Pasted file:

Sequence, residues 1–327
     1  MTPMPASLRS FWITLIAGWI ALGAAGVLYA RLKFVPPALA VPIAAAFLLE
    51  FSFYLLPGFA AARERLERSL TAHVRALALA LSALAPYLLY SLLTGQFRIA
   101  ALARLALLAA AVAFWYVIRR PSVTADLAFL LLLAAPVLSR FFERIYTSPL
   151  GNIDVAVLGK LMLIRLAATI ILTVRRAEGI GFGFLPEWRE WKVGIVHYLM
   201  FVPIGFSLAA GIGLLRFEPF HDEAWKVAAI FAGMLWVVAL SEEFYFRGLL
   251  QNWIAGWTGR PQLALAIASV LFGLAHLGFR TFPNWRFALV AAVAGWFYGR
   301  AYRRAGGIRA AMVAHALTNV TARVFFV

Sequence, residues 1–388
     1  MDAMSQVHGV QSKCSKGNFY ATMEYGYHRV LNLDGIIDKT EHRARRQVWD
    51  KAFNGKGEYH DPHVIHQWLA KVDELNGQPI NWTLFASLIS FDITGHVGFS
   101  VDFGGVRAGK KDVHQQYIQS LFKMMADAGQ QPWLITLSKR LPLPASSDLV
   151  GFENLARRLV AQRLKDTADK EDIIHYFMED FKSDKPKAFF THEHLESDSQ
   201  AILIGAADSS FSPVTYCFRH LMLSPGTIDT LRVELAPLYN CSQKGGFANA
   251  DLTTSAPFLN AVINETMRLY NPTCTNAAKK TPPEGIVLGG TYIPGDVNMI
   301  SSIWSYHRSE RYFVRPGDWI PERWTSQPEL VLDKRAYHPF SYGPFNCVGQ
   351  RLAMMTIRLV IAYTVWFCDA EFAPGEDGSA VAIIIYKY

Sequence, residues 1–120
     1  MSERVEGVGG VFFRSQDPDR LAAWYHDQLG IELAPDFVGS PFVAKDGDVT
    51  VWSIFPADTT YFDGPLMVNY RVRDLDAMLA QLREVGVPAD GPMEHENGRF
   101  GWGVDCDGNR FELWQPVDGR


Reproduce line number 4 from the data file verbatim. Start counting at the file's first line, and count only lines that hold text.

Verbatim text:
   101  ALARLALLAA AVAFWYVIRR PSVTADLAFL LLLAAPVLSR FFERIYTSPL